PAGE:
Message from the Registrar and CEO: Professional Boundaries Campaign

Message from the Registrar and CEO: Professional Boundaries Campaign

As another winter turns to spring, I think about the cycles of our work at the College – as well as the constant of change. Outside, the weather warms and vegetation surfaces once again, yet the sun always rises.

This will be my last message in Perspective. As many of you know, I have announced my retirement effective the end of July 2023. It has been a privilege to serve as the College’s Registrar and CEO for the past eight years, with our commitment to public protection guiding each of my decisions and all my actions.

It is with public protection in mind that I want to discuss an issue of great concern to the College. Over the past two years, the College has seen a 107% increase in the number of complaints received related to sexual misconduct. This increase is deeply disturbing. It is also a call to action to registrants who have an ethical obligation to address professional boundary violations if/when they become aware of them, and a legal obligation to report sexual misconduct.

As regulated professionals, social workers and social service workers must maintain professional boundaries at all times. Sexual contact between College registrants and their clients not only undermines the public’s trust in the professions, it is also strictly forbidden under the College’s Code of Ethics and Standards of Practice and the Professional Misconduct Regulation, O. Reg. 384/00, made under the Social Work and Social Service Work Act, 1998.

Breaching professional boundaries and engaging in any form of sexual contact with a client are extremely serious forms of professional misconduct, which can result in penalties up to and including the revocation of a registrant’s certificate of registration with the College. When a client seeks services from a social worker or social service worker, they are reaching out at a time when they may be extremely vulnerable. Registrants can cause terrible harm to their clients if they take advantage of the inherent power imbalance that exists within the professional relationship – and that abuse of power is never more evident than when they engage in sexual misconduct.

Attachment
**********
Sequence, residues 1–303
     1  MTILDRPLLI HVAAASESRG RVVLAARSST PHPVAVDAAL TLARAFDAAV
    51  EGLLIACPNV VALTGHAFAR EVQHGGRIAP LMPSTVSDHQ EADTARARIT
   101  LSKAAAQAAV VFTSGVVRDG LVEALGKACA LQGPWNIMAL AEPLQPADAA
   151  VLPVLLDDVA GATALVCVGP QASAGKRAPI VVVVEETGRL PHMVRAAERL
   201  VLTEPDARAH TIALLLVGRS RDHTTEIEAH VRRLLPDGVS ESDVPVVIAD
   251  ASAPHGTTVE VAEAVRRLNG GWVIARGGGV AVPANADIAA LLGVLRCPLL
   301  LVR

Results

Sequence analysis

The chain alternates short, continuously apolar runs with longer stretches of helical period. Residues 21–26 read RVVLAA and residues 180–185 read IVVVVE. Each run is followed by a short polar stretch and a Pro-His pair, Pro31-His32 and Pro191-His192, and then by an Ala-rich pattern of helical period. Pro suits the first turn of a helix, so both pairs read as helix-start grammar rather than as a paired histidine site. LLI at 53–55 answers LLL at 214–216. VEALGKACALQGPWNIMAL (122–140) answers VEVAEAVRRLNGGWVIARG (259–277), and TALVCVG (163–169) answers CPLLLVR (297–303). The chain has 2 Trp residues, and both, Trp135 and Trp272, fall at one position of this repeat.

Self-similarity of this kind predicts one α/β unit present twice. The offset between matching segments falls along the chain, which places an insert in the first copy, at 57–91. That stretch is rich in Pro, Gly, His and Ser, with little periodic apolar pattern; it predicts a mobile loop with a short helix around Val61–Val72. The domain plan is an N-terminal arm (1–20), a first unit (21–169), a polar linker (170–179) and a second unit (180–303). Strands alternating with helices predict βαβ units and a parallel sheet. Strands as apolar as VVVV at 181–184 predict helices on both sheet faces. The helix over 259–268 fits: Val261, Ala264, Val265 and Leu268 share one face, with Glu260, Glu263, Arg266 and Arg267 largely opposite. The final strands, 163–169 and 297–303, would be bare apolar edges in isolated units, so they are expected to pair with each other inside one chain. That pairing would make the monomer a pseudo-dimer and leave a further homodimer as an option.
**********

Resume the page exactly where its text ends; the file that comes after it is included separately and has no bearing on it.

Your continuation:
Since the launch of our public awareness campaign in 2019, the College has seen a steady increase in the number of complaints received overall. These results are to be expected, as we estimate that millions more Ontarians are now aware of the College and its public protection mandate.

The number of sexual misconduct-related complaints received by the College has increased at a much faster rate, however: in 2021, sexual misconduct-related complaints represented 8% of all complaints received; last year, this number grew to 16%. The number of sexual misconduct-related matters referred to the College’s Discipline Committee grew at an even faster rate: these cases represented 59% of the total number of referrals to discipline in 2022 – up significantly from 25% in 2021.

As part of our efforts to reduce the incidence of sexual misconduct, the College has embarked on a multi-faceted campaign to shed light on this issue, educate stakeholders about the importance of maintaining professional boundaries, and ensure that registrants, employers and others understand the serious harm that boundary violations and sexual misconduct cause to clients. This campaign will engage with College registrants, service users and employers to ensure that they are aware of the many public protection tools available to them. As a first step, the 2023 Continuing Competence Program required readings address boundaries and sexual misconduct.

While I am approaching the end of my time with the College, the College’s steadfast commitment to its public protection mandate will not change. I am confident that the new Registrar and CEO will take over the reins of this important campaign, and that the College will see success in its efforts to reduce the incidence of sexual misconduct and boundary violations. One report of sexual misconduct is one report too many.


Lise Betteridge, MSW, RSW
Registrar and CEO
Ontario College of Social Workers and Social Service Workers